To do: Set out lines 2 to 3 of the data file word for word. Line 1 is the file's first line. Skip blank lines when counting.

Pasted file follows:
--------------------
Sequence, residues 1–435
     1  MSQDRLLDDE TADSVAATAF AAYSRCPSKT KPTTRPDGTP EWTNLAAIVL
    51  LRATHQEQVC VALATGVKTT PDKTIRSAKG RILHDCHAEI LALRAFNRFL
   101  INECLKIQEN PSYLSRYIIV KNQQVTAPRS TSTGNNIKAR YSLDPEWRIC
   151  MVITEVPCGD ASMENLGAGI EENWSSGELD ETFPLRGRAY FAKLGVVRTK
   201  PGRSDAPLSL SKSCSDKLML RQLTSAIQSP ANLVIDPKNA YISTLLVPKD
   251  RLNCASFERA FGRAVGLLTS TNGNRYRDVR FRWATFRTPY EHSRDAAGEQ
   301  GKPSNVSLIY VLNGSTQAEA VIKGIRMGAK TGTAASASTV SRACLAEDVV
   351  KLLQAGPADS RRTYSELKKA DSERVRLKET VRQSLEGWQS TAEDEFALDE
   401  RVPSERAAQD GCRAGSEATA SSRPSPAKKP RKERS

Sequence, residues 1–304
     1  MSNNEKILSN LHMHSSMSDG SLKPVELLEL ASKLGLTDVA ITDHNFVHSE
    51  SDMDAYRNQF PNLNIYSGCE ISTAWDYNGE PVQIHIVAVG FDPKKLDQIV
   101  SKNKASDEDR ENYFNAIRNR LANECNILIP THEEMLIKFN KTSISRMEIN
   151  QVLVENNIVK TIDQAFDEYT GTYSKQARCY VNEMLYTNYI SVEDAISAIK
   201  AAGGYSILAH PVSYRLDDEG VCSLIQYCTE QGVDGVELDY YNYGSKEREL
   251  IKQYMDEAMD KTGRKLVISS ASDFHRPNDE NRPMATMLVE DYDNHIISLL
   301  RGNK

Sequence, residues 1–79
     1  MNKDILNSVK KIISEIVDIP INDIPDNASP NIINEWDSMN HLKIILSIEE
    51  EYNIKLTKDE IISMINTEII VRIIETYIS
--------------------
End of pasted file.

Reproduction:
     1  MSQDRLLDDE TADSVAATAF AAYSRCPSKT KPTTRPDGTP EWTNLAAIVL
    51  LRATHQEQVC VALATGVKTT PDKTIRSAKG RILHDCHAEI LALRAFNRFL